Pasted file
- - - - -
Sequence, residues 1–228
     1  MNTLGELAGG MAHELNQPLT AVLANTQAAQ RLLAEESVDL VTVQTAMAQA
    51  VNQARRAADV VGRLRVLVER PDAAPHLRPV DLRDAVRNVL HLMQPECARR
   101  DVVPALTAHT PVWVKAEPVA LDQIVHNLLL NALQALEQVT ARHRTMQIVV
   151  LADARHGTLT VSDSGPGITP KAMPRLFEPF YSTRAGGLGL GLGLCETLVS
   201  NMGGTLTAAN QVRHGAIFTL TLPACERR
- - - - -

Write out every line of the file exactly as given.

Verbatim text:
Sequence, residues 1–228
     1  MNTLGELAGG MAHELNQPLT AVLANTQAAQ RLLAEESVDL VTVQTAMAQA
    51  VNQARRAADV VGRLRVLVER PDAAPHLRPV DLRDAVRNVL HLMQPECARR
   101  DVVPALTAHT PVWVKAEPVA LDQIVHNLLL NALQALEQVT ARHRTMQIVV
   151  LADARHGTLT VSDSGPGITP KAMPRLFEPF YSTRAGGLGL GLGLCETLVS
   201  NMGGTLTAAN QVRHGAIFTL TLPACERR